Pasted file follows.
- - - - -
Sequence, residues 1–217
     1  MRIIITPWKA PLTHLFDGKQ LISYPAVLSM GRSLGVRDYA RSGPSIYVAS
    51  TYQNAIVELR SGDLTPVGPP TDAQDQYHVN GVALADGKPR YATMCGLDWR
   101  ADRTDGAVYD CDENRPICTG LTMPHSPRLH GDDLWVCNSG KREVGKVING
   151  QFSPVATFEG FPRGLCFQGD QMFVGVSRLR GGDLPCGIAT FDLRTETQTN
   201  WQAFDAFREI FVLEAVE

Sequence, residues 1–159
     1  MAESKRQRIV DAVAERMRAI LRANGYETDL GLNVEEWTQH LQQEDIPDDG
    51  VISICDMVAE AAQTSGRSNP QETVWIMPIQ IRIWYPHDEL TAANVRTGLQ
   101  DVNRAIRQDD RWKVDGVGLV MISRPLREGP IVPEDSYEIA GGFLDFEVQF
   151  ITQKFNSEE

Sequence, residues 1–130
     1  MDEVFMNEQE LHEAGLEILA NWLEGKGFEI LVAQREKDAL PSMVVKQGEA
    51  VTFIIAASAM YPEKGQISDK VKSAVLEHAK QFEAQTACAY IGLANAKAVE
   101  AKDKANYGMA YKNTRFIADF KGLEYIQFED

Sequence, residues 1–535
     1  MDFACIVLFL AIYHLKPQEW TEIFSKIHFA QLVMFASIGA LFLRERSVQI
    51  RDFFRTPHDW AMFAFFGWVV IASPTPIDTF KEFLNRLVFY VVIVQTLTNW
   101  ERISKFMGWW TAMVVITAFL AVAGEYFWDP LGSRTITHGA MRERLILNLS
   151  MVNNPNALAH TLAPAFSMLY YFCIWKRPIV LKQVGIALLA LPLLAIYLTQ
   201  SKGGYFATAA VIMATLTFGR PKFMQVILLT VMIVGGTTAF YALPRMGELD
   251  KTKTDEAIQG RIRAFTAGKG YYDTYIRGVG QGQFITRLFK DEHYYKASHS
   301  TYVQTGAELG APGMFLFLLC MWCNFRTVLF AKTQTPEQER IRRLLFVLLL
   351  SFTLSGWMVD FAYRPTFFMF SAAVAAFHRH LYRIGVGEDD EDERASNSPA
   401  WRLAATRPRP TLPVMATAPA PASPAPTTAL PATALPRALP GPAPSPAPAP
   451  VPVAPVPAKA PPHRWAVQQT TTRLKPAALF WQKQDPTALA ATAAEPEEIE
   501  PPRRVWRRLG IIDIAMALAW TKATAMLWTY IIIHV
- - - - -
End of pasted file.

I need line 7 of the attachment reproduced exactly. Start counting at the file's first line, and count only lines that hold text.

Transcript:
Sequence, residues 1–159